Past Watch Site

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Mosul, Iraq

Known by locals as al-Hadba’, or the hunchback, because of its precarious slant, the minaret of the Great Nur al-Din Mosque is one of the primary landmarks of the old city of Mosul. Built by the Seljuk ruler Nur al-Din al-Zangi Atabeg, it was part of a religious complex including a mosque and a madrassa named for its patron. At the time of its completion in 1172, the minaret was 150 feet (45 meters) high, with seven ornamental bands of brickwork at different levels around its cylindrical shaft. Five times a day, a muezzin would ascend the spiral stairway and sing the call to prayer from the balcony. By the time the famous traveler Ibn Battutah visited the city in the 14th century, the minaret was already listing significantly and had been given its nickname, which has remained ever since. In 1942, as part of a renovation campaign by the Iraqi Department of Antiquities, the mosque and madrassa were dismantled and reassembled according to a new plan, but the minaret remains as one of the few original elements of the medieval Nur al-Din complex.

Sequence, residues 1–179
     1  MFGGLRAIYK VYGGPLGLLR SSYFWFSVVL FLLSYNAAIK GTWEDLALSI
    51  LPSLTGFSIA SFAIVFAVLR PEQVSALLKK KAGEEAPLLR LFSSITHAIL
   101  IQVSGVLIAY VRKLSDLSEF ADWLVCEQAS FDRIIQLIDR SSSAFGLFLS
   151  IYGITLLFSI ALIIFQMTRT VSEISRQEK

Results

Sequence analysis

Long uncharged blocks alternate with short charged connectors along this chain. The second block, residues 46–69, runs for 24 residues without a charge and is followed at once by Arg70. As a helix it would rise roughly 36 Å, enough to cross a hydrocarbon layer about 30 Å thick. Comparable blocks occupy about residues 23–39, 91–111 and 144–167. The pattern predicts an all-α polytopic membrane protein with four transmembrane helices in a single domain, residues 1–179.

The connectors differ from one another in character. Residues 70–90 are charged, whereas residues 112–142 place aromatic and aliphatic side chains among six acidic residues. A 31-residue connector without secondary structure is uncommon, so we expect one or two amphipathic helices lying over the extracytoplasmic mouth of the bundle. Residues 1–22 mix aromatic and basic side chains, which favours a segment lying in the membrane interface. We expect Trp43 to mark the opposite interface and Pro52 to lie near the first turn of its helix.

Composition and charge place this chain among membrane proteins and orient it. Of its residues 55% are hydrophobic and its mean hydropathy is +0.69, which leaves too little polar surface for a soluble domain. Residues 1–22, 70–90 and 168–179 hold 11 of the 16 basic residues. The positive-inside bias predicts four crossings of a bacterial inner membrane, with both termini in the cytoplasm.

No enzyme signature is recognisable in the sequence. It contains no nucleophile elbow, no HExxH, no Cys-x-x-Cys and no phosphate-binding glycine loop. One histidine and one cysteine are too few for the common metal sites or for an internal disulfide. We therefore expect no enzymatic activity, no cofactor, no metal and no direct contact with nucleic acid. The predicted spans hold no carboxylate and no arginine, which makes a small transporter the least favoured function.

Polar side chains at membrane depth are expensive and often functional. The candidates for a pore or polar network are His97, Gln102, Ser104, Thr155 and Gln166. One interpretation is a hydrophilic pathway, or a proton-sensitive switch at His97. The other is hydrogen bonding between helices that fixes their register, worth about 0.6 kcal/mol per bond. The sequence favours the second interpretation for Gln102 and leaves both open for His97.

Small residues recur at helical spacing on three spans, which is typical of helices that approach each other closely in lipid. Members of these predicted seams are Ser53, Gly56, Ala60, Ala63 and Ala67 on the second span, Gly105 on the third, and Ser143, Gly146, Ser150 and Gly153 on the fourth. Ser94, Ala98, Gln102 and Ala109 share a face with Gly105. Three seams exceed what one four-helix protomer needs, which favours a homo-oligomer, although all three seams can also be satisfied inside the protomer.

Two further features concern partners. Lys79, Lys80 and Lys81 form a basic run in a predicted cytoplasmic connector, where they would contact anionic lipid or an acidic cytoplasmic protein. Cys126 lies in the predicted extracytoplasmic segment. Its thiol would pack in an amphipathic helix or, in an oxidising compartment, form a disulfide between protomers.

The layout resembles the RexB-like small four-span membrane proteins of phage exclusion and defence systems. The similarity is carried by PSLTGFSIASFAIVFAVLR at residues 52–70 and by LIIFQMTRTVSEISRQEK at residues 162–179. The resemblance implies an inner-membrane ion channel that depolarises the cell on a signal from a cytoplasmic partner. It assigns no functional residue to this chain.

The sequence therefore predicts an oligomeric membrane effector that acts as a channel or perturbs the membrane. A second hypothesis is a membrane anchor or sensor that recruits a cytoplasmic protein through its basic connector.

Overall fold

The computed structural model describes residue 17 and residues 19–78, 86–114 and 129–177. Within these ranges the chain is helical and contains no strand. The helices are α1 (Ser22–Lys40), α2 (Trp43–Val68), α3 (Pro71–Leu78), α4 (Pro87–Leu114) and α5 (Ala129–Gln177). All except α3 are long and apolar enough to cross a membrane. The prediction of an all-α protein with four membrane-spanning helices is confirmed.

The minaret’s tilt has long been a source of concern. Despite efforts in the 1970s to stabilize the structures, cracks have proliferated along the minaret’s base. Meanwhile, some have built houses immediately adjacent to the minaret, and stand to lose their homes—if not their lives—were it ever to topple.

The entire country of Iraq has appeared on the past two Watch lists, emphasizing the ongoing threat to Iraqi cultural heritage sites in the aftermath of the war. It is hoped that listing this specific site, deemed a priority for conservation work by the Iraqi authorities, will draw focused technical assistance to this project and reiterate WMF support for the conservation of Iraq’s heritage.


In September 2012, UNESCO and the Governorate of Ninewa agreed to collaborate on a project to study and conserve the Al-Hadba’ Minaret. The study phase will include a structural analysis of the minaret and investigations of the materials and the geology of the site.

Last update: December 2012